• Saurabh

    “When connection is not available it relies on some amount of cached data.”
    I don’t see the point here. The Panda site describes this cache as a small but well chosen subset of the total detection capability. In essence when you become disconnected, unlike other antiviruses you also lose protection from viruses you had been protected from earlier.
    Whats the point of not caching everything for offline use, when the only disadvantage I see is a little more disk space being taken up by the cache?

  • @Saurabh

    Me neither… By the way it isn’t that “small” subset, cache folder on my computer is currently ~48MB in size. This is totally comparable to databases of generic AV engines.

    As I wrote in post distinction seems in marketing rather than in practical functionality.

  • Saurabh

    Hmm..I uninstalled it so I didn’t know the exact size of the cache. Here’s how their representative described the cache:
    “The local cache of Panda Cloud Antivirus is a ‘moving target’ of what the community ‘sees’ out there circulating in the wild. However, it’s not quite the same as the traditional signature updates which are always incremental (always adding signatures, not taking them out)”.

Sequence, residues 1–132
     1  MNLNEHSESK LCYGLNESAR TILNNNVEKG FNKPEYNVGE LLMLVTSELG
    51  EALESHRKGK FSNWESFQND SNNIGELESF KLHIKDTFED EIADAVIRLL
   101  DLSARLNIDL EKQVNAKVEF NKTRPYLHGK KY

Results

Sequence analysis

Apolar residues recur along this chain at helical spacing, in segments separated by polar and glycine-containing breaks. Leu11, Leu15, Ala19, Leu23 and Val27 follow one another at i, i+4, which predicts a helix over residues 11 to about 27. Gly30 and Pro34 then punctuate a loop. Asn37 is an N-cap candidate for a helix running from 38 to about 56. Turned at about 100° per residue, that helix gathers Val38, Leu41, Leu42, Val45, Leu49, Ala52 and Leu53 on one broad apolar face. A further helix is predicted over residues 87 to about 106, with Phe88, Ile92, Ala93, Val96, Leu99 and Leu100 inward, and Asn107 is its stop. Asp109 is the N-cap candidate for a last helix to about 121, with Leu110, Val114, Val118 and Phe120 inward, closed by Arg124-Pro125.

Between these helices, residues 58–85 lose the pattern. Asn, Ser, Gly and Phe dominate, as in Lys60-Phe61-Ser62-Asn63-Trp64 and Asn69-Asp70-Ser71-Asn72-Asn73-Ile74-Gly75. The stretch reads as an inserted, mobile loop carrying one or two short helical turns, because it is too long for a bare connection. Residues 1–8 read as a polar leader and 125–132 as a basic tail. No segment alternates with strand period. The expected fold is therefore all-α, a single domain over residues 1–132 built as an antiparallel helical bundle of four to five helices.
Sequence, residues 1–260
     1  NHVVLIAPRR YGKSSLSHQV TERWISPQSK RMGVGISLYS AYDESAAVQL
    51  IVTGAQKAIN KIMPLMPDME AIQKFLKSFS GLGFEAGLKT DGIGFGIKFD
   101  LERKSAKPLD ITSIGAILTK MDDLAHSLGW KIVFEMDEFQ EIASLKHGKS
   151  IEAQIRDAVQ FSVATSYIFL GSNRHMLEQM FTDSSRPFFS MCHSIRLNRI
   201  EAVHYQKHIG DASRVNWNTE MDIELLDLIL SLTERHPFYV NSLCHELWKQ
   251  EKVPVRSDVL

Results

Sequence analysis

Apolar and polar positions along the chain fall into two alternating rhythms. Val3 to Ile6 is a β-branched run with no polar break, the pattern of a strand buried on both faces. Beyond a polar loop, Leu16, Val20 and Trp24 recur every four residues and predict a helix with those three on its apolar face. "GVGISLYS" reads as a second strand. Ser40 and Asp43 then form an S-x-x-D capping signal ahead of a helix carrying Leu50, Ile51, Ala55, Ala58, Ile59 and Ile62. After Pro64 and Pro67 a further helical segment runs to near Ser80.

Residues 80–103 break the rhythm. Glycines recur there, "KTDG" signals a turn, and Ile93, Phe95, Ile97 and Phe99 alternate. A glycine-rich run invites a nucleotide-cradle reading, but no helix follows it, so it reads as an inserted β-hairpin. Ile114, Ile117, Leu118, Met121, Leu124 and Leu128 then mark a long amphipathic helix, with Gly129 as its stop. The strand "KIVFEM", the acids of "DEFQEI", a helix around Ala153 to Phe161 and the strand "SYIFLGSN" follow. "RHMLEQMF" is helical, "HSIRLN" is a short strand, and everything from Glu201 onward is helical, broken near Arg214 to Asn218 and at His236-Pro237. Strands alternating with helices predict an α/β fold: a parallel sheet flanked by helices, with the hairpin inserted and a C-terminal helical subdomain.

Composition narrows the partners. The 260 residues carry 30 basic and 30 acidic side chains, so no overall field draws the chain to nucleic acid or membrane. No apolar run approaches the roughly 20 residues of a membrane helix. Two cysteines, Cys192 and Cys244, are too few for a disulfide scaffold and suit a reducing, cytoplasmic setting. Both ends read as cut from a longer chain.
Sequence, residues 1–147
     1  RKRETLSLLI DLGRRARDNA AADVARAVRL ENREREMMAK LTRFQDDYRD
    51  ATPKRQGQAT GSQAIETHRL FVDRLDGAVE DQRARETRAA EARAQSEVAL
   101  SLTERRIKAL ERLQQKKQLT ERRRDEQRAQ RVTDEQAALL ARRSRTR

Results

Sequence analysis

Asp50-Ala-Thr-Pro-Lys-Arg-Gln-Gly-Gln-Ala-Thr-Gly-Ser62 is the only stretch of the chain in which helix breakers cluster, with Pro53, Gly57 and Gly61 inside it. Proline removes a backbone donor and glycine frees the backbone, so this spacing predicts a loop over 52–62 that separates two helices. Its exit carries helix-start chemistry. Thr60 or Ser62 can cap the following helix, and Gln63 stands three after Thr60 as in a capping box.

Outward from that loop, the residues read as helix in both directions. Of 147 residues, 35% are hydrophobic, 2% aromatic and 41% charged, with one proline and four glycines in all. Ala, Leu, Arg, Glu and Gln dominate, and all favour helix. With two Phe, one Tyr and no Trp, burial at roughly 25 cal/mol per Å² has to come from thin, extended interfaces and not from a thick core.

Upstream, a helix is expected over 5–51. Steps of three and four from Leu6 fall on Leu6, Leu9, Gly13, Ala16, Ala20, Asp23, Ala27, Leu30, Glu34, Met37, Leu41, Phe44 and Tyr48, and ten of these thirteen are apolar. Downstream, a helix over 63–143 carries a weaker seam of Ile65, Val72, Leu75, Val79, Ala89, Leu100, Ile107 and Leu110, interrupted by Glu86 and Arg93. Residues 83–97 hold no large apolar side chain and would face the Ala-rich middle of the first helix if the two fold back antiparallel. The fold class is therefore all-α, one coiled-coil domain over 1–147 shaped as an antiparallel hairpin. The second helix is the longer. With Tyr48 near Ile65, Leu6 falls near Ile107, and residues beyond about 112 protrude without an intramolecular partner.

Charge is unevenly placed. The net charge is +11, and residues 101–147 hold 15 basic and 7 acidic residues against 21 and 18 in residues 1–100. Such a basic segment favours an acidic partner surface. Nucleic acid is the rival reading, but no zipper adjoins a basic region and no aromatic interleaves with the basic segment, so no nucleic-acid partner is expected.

from http://hothardware.com/News/Pandas-Cloud-Antivirus-Exits-Beta/
    So this was what I hadn’t understood. When a computer is offline for quite a few days then the moving target can change and meanwhile the computer can get infected via old viruses back in circulation.
    I do agree however that it is more marketing speak than anything else.

  • walter

    I have CA AntiVirus and it has cloud technology built in. Im wondering if this will cause any rick as my laptop is not always connected to the internet. And how does panra rank in comparison to CA anti-virus cause im thinking about switching later down the road

  • @walter

    As I described in post, cloud is more of marketing speak – it still downloads a lot of data to hard drive. And only difference from generic database updates in other AV is that it isn’t called that.

    No idea on ranking (and it’s mostly meaningless anyway), but I vaguely remember reading some very unhappy reviews about CA AV.

  • I’ve used this on some client’s PC’s. It runs much leaner then other AV’s. Indeed it is a good choice for a very basic home pc setup. I wouldn’t use it on a Company PC.

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